Pare Lorentz

From Wikipedia, the free encyclopedia
Jump to: navigation, search
Pare Lorentz
Born (1905-12-11)December 11, 1905
Clarksburg, West Virginia
Died March 4, 1992(1992-03-04) (aged 86)
Armonk, New York
Alma mater West Virginia Wesleyan College
West Virginia University
Occupation New Deal filmmaker
Hollywood film critic
Employer Resettlement Administration
Organization Colonel, U.S. Army Air Corps, World War II
Known for Documentary films about the New Deal, Dust Bowl, Nuremberg trials; World War II War Department films
Movement New Deal
Awards

"Best Documentary", Venice International Film Festival.

The Pare Lorentz Film Festival of the International Documentary Association was named in his honor.

Pare Lorentz (December 11, 1905 – March 4, 1992) was an American filmmaker known for his movies about the New Deal. Born Leonard MacTaggart Lorentz in Clarksburg, West Virginia, he was educated at West Virginia Wesleyan College and West Virginia University. As a young film critic in New York and Hollywood, Lorentz spoke out against censorship in the film industry.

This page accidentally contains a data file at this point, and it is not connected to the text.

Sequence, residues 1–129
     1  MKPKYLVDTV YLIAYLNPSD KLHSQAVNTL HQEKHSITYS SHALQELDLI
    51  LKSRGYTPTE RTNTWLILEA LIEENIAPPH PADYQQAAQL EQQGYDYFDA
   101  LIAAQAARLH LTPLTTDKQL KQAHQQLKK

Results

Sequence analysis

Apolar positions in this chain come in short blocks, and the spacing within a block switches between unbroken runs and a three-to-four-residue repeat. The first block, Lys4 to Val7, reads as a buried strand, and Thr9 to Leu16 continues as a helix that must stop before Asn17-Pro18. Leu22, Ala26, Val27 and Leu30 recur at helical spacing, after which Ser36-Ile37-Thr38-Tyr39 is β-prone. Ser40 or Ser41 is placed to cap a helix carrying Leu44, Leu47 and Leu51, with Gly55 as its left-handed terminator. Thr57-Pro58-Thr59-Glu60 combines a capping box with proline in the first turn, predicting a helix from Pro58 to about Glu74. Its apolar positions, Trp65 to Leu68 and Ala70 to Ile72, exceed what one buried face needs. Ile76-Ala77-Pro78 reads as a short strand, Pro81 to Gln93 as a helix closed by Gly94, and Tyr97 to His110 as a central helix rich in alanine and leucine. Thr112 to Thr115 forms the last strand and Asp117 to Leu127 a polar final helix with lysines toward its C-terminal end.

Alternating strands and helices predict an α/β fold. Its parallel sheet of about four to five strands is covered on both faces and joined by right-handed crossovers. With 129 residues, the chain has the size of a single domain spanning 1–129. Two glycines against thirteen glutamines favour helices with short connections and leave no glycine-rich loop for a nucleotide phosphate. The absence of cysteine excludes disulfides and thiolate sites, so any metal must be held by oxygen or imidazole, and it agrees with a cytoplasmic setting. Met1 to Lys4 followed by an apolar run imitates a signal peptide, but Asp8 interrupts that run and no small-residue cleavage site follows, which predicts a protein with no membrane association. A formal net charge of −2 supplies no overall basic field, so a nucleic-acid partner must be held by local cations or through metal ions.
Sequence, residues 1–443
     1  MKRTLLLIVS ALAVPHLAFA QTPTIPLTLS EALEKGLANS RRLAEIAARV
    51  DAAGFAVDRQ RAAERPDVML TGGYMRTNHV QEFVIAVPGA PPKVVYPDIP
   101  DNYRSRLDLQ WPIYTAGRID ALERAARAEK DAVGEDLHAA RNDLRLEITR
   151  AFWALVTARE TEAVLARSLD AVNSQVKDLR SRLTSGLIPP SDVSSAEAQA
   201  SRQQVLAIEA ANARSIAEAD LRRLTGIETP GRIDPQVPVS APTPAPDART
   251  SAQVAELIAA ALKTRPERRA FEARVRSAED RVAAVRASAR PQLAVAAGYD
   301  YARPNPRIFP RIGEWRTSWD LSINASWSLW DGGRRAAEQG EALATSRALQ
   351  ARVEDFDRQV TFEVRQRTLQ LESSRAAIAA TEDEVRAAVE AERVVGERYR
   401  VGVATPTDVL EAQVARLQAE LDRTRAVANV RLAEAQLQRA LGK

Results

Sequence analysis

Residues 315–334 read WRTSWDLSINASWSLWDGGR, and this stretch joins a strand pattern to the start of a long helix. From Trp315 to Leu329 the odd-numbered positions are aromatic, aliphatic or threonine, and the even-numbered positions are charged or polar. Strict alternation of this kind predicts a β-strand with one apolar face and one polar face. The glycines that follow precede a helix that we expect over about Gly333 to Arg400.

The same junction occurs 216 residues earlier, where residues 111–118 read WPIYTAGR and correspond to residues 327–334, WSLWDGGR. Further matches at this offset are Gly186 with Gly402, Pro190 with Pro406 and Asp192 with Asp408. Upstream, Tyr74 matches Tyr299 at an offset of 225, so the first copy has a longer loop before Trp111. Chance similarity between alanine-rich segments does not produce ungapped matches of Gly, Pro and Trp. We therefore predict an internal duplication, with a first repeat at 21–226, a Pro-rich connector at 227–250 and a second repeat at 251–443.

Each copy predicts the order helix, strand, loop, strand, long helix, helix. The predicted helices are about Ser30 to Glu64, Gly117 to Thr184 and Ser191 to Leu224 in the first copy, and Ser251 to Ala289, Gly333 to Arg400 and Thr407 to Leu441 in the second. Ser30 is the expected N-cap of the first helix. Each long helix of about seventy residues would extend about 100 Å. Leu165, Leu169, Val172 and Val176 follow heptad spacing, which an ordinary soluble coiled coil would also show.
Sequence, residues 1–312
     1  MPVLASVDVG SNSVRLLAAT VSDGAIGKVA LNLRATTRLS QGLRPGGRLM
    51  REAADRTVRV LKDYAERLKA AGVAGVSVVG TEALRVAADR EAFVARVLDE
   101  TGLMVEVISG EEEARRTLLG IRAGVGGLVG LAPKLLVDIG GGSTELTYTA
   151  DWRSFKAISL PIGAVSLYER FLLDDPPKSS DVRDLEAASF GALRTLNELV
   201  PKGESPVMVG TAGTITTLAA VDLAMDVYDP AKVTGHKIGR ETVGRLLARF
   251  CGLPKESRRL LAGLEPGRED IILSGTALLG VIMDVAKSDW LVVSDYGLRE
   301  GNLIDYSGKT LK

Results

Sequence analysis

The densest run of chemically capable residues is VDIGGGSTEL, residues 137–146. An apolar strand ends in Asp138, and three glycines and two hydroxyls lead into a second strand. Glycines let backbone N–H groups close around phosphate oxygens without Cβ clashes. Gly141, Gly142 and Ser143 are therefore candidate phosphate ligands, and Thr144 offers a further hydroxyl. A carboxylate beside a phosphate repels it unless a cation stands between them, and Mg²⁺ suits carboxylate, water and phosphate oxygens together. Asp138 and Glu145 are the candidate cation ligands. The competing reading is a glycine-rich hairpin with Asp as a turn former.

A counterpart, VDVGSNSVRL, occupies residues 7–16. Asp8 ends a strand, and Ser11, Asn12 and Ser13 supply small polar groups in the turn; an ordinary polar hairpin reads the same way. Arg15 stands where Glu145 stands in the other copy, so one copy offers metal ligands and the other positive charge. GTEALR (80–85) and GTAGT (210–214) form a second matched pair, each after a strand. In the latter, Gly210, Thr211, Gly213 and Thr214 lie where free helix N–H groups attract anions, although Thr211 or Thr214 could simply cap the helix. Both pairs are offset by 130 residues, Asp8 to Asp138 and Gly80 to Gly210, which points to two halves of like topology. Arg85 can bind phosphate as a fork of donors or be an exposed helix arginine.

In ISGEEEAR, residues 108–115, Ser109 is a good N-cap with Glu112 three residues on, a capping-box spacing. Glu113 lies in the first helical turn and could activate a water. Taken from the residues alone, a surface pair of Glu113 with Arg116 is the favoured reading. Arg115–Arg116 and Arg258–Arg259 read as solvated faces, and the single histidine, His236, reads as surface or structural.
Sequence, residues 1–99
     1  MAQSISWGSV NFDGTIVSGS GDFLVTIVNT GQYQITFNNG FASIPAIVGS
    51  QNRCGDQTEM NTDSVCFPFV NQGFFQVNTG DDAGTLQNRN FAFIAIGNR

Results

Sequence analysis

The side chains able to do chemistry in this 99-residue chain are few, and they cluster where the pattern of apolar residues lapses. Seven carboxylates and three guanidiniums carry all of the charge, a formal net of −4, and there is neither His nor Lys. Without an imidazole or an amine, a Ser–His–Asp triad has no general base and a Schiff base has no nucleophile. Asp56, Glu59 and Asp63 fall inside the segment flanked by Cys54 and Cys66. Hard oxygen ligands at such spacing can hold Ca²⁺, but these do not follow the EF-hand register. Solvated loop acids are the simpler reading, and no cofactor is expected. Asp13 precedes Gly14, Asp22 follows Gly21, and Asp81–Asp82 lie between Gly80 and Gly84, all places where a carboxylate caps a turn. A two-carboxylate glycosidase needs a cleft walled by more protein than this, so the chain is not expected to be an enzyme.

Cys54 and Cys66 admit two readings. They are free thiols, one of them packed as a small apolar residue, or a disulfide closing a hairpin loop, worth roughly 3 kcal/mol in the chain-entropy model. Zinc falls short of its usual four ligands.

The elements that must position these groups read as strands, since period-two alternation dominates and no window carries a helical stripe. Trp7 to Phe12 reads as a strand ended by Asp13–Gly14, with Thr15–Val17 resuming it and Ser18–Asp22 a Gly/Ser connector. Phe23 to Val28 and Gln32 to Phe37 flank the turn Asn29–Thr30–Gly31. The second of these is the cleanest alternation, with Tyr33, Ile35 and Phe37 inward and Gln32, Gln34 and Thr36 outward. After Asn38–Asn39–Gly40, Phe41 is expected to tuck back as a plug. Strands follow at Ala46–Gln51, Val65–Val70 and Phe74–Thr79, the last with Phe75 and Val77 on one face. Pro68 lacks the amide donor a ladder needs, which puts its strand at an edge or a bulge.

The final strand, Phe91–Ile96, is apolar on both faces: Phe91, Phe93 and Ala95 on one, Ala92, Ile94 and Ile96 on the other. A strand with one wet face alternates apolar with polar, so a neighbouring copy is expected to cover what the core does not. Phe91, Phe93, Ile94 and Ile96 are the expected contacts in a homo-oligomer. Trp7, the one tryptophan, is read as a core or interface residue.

As the most influential documentary filmmaker of the Great Depression, Lorentz was the leading US advocate for government-sponsored documentary films.[1] His service as a filmmaker for US Army Air Corps in World War II was formidable, including technical films, documentation of bombing raids, and synthesizing raw footage of Nazi atrocities for an educational film on the Nuremberg Trials. Nonetheless, Lorentz will always be known best as "FDR's filmmaker."[1][2]

New Deal documentary films[edit]

Lorentz left West Virginia after college in 1925, to begin a career as a writer and film critic in New York in 1925. He contributed articles to leading magazines such as Scribner’s, Vanity Fair, McCall's, and Town and Country.[3] and co-authored a 1929 book, Censored: the private life of the movie.

His work as a film critic led him to Hollywood, where he wrote several articles on censorship and a pictorial review of the first year of Franklin D. Roosevelt's presidency, The Roosevelt Year: 1933. Roosevelt was impressed with the articles and the book, and in 1936, as President of the United States, invited Lorentz to make a government-sponsored film about the Oklahoma Dust Bowl.[2]